The primary objective of this project is to assess and evaluate optimum strategies to drill economic wells in the structurally complex — but highly prospective — emerging unconventional Paradox oil play, in particular the Pennsylvanian Paradox Formation’s Cane Creek shale and adjacent clastic zones. A key component of this project is to fully characterize, quantify and interpret the geological, structural and geomechanical settings of the Paradox oil play to elucidate the relative factors that promote effective production. This strategy will include detailed facies analysis of core material, core-to-log petrophysical integration, advanced fracture analysis, innovative 3D seismic interpretation, and detailed basin modeling. The results of these analyses will inform a Development Strategy Plan that will include tailored drilling designs and/or stimulation strategies that will lead to maximized production from this play and other similar resources. In addition, the new strategic drilling and/or tactical stimulation approach(es) will be tested in at least one horizontal well in the Paradox Basin as part of this project.
University of Utah — Salt Lake City, UT 84112
Utah Geologic Survey — Salt Lake City, UT 84112
Brigham Young University — Provo, UT 84602
Rose Petroleum — Green River, UT 84525
Handwerger Petrophysics — Salt Lake City, UT 84112
Whidden et al. (2012) determined mean total undiscovered oil resources within the Cane Creek interval in the Paradox Basin at 215 million barrels and there is significant up-side potential in other unassessed adjacent clastic zones in this emerging play. To date, only 4% (8.9 million barrels) of the total Cane Creek resource has been produced from 37 wells, 26 of which are still active producers (including 21 horizontal wells). More than 96% of this historic production is from the central Cane Creek Unit (CCU). This project will use the knowledge gained from successful (and unsuccessful) drilling in the CCU to determine strategies to unlock production in areas to the north, Gunnison Valley Unit (GVU), and south, Par 5 Unit (P5U), making the Cane Creek a truly regional resource play. Moreover, this proposed project will leverage and extend the knowledge gained from recently completed DOE project Liquid-Rich Shale Potential of Utah’s Uinta and Paradox Basins: Reservoir Characterization and Development Optimization (DE-FE0010667; Vanden Berg et al., 2017).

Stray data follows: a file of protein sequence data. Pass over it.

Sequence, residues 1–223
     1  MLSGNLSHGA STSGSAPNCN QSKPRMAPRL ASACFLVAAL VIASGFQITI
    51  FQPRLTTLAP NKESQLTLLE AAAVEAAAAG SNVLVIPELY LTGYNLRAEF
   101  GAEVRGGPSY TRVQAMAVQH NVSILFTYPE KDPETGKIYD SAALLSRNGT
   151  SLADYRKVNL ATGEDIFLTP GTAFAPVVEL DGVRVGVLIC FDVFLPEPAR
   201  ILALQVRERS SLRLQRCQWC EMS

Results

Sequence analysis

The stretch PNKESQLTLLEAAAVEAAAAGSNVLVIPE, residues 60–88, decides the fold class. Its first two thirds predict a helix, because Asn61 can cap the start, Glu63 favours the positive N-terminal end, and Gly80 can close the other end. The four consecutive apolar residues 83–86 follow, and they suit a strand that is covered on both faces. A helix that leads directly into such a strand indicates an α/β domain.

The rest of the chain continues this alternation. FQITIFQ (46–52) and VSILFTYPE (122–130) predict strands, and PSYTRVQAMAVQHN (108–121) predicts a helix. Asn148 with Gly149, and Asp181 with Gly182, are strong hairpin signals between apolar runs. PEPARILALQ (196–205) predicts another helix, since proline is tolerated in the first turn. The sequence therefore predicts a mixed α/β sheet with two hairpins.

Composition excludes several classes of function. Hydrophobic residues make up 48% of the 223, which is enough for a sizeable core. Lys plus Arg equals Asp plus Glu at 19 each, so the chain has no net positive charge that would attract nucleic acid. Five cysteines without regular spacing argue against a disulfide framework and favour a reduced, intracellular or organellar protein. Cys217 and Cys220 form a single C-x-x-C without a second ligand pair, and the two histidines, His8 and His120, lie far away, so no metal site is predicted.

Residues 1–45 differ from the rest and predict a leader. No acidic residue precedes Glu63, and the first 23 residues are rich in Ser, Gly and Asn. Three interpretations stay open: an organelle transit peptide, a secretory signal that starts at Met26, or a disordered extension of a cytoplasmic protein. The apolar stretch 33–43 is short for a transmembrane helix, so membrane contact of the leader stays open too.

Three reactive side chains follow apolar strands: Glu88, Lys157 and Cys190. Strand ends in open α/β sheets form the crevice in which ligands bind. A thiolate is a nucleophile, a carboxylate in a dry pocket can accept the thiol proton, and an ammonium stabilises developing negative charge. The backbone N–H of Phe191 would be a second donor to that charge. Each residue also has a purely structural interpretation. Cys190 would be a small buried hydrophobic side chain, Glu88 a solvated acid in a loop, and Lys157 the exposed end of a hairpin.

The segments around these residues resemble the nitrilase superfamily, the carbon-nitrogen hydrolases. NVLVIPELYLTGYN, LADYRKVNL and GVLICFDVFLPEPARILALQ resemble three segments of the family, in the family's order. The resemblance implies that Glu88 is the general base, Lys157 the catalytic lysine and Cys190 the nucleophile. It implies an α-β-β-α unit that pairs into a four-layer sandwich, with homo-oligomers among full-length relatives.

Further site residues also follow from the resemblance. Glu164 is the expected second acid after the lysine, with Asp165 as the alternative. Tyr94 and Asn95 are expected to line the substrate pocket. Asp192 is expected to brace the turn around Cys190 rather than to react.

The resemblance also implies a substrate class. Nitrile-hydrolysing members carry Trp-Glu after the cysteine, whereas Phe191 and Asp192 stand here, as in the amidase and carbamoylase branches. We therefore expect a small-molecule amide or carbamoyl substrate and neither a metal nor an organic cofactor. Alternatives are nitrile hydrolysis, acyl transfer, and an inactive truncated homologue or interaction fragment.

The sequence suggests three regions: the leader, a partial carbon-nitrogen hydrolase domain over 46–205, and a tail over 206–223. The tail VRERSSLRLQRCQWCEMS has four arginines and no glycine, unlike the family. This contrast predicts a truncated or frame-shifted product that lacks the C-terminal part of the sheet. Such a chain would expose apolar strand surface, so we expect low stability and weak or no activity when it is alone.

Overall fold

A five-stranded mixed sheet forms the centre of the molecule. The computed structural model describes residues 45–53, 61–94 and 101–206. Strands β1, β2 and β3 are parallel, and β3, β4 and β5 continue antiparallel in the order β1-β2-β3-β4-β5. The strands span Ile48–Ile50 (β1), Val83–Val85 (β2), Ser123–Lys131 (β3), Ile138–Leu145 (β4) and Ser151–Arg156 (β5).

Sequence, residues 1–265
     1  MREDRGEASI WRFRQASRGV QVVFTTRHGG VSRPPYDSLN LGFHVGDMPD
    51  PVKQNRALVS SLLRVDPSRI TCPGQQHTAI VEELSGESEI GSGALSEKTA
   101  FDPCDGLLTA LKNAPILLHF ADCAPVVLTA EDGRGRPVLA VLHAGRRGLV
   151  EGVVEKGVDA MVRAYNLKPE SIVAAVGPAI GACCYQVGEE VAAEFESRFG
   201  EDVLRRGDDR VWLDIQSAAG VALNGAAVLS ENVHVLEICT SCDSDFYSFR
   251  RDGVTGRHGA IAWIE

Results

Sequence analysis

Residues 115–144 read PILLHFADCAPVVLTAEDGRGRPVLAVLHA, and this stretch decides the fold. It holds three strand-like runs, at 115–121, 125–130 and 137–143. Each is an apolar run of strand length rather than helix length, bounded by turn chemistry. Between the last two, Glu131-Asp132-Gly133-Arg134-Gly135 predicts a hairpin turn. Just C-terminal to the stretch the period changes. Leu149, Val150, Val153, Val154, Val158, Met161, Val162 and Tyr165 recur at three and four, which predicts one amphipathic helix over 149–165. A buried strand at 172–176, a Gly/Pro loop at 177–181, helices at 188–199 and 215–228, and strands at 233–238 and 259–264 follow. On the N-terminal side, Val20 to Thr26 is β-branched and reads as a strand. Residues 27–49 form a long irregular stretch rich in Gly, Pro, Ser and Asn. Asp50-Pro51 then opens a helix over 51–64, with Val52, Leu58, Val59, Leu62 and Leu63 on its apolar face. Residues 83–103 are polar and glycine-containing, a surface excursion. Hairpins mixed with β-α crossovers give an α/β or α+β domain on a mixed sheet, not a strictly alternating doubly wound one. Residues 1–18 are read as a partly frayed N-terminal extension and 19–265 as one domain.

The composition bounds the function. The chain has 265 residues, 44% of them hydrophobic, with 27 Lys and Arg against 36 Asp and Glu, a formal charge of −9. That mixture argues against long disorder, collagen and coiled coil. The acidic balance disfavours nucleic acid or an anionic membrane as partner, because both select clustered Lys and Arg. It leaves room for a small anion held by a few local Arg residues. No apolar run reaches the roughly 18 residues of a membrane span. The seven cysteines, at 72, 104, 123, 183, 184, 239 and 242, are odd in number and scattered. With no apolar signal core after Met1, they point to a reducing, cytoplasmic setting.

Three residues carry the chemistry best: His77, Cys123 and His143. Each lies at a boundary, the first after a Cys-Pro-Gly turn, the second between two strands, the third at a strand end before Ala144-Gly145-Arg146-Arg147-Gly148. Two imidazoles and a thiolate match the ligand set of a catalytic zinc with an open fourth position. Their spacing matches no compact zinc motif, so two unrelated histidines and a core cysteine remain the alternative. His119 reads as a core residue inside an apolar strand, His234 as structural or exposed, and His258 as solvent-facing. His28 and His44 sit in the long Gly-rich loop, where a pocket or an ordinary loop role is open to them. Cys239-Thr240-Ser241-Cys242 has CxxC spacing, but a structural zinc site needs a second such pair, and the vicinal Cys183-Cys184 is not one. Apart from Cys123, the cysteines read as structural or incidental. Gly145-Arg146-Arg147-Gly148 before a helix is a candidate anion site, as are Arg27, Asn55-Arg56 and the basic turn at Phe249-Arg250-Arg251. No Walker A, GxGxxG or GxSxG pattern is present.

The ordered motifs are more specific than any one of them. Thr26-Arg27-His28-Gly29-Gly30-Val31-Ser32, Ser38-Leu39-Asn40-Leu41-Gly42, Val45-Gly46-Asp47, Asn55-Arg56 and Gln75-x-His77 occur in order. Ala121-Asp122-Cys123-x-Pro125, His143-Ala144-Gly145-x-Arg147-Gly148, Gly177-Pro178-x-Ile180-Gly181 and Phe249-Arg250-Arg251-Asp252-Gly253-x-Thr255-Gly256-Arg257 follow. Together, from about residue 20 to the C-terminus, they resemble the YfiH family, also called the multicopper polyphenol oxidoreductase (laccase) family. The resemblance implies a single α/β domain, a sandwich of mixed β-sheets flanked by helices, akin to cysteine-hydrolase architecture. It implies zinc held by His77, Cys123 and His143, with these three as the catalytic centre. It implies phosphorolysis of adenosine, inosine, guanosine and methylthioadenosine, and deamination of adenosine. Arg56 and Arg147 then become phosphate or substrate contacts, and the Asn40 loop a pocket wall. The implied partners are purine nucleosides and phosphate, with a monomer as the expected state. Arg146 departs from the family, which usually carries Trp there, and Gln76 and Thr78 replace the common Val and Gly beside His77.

This project will result in the full characterization, quantification, and interpretation of the geological, structural, and geomechanical settings of the northern Paradox oil play to elucidate the relative factors that promote effective production. To date, the GVU, CCU, and P5U have mostly been developed and managed by different companies in relative isolation from one another. This project aims to draw correlations between these related units through an industry cooperative arrangement. Within the larger regional context, additional insight can be gained resulting in improved production and management practices basin wide. This approach will allow for otherwise anecdotal experiences within the fields to be considered within the larger regional framework.
The project team successfully drilled a 9,745-foot-deep stratigraphic test well in the Paradox Basin of Utah and extracted a greater-than-expected amount of whole core rock samples from the subsurface. The material will now be analyzed to better understand the region’s geology, especially the role of natural fractures, and identify optimum strategies to recover oil from the sizable Cane Creek resource play. Zephyr Energy and the Energy & Geoscience Institute at the University of Utah used the stratigraphic test well to obtain 113 feet of continuous whole core and 31 sidewall cores across multiple overlying reservoirs. The original project goal was to obtain 90 feet of continuous whole core. The stratigraphic well was also used to collect a set of geophysical logs for analysis.
Comprehensive analyses of the cores and petrophysical logs is now underway to better characterize and understand the geology and especially the role of geomechanics in the Cane Creek petroleum system, and by extension other potential reservoirs in the Paradox Basin and other basins in the western U.S. A primary objective is to exploit natural fractures as much as possible, to minimize environmental impacts of production from this and other similar unconventional plays.